If you’ve ever tried on a pair of 4-ounce MMA style gloves, you’ll know that those things are tight. There is a lot less room for the hand to shift around when compared to a big 16-ounce boxing glove. I myself have wondered how MMA fighters can fit wraps under the small gloves, which also begs the question: Do MMA fighters even wear hand wraps?
Yes, most MMA fighters do wear hand wraps under their 4-ounce MMA gloves, although the wraps have a lot less padding than those used in boxing. Some fighters however, choose not to wear wraps at all, such as UFC welterweight Gunnar Nelson, who says he has “more feel for what I’m doing with no wraps”.
Sometimes, hand wrapping is enforced by the State Athletic Commission, but not always. Because there is not much space between the hands and the gloves, an MMA fighter can wear them without wraps without too much of a difference.
In the rest of the post, I’ll cover the differences between wraps and no wraps, how hand wraps differ from boxing, and whether you should wrap your hands for MMA training.
How Are The Wraps Different From Boxing Wraps?
There are many ways in which MMA hand wraps differ from those used in boxing. As mentioned before, the gloves in MMA are a lot tighter on the hands than boxing gloves. Because of the glove size, there is less space for hand wraps inside an MMA glove.
Boxing gloves have enough space to fit special wraps with extra padding, such as the Radius Hand Wraps.
The biggest difference is in the padding that goes over the knuckles. If you look at an MMA glove, you’ll notice that it is flat. In contrast, a boxing glove starts rounding off by the knuckles, to keep the fingers curled in.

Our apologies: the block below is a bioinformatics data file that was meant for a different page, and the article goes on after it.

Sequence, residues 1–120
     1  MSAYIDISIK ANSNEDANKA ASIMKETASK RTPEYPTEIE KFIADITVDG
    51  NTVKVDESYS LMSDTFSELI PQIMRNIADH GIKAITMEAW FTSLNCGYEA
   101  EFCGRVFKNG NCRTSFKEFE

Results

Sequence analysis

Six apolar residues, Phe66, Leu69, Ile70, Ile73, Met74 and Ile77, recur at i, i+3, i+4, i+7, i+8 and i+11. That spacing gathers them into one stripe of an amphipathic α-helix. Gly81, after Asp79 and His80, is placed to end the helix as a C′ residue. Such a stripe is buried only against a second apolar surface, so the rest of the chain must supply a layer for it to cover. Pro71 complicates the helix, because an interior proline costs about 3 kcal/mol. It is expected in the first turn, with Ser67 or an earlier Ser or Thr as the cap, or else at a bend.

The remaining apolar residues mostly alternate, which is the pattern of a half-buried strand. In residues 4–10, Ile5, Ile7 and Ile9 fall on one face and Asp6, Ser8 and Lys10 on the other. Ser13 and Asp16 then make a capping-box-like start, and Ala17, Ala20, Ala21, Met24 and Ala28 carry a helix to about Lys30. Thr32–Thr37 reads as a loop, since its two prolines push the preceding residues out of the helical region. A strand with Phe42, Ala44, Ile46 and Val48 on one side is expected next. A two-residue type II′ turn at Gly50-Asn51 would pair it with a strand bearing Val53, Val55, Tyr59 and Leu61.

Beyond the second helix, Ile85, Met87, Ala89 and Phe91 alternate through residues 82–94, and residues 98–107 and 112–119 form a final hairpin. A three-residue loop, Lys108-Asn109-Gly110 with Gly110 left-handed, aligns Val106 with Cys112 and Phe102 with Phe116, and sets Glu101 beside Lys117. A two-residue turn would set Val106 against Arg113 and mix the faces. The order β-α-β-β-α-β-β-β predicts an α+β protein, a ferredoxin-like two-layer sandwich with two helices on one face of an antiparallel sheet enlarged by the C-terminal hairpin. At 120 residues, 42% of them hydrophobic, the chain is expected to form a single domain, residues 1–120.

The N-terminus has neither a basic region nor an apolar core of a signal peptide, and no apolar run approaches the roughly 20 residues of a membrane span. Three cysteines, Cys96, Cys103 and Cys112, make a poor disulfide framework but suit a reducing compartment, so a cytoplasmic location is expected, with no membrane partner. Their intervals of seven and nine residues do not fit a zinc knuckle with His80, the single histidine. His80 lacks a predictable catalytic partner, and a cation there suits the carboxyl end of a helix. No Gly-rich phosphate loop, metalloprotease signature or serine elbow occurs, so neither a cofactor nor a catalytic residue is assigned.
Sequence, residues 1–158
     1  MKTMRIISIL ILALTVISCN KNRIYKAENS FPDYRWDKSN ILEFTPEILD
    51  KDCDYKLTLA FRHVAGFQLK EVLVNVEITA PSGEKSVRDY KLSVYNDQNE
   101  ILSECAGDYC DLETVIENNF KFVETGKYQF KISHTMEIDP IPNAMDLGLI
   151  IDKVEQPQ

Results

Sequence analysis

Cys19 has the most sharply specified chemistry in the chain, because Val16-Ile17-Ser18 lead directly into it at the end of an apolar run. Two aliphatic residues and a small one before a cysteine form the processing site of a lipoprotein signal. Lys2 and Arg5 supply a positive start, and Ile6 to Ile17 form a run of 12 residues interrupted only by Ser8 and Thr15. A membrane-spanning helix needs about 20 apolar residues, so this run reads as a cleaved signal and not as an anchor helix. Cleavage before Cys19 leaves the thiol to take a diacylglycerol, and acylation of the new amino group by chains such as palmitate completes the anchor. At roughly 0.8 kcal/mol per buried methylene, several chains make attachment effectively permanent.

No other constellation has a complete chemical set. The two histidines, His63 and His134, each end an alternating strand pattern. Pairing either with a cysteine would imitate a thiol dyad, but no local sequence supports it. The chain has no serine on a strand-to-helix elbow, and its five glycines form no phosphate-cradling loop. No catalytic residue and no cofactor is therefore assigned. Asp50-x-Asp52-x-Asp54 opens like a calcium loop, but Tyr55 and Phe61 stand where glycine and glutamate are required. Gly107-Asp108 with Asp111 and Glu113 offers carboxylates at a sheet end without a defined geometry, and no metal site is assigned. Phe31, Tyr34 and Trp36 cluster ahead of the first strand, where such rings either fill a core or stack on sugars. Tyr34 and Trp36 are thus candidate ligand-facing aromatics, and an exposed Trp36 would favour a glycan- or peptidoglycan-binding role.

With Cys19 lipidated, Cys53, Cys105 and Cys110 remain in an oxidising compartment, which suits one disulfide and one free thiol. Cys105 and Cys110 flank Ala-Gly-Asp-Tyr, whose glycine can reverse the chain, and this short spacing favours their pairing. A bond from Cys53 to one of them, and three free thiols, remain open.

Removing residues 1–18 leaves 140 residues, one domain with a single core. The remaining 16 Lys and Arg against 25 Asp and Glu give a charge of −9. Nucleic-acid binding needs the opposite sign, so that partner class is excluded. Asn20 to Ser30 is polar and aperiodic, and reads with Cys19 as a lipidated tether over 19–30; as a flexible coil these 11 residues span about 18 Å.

This means that when you make a fist while wearing an MMA glove, it puts more pressure on your knuckles than a boxing glove would. Added pressure on the knuckles is not a good thing, as this limits the protection the glove can offer to the knuckles.
This means that there is much less space between the knuckles and the gloves for hand wraps to fit in. For this reason, there is much less gauze placed over the knuckles in MMA, as compared to boxing, where large amounts of gauze are stacked over the knuckles, as seen below.
Floyd Mayweather seen here with a large amount of padding over the hand. There is now way that would fit under an MMA glove.
The amount of padding on Mayweather’s hands fits snugly into a 16-ounce boxing glove, which makes this hand wrapping style optimal for the sport. Of course, this is way too much padding for an MMA glove, where the gauze over the knuckle is pretty even, and does not stick out as much as the padding on Floyd’s knuckles does.
Why Do Some Fighters Not Wear Wraps?
As mentioned at the start of the post, some MMA fighters do not wear hand wraps. There are several reasons why they might avoid hand wraps. First let’s look at UFC welterweight Gunnar Nelson detail why he doesn’t wear wraps.
“I never wrap my hands. I like to get as much feel for my hands and my opponents as I can, and I’ve never really felt any difference wrapping my hands. I’ve never broken my hands, that’s probably why. If you like to work with your hands, you like to get the feel for what you’re doing, and I feel like I have more feel for what I’m doing with no wraps.”
Gunnar Nelson during post-fight interview.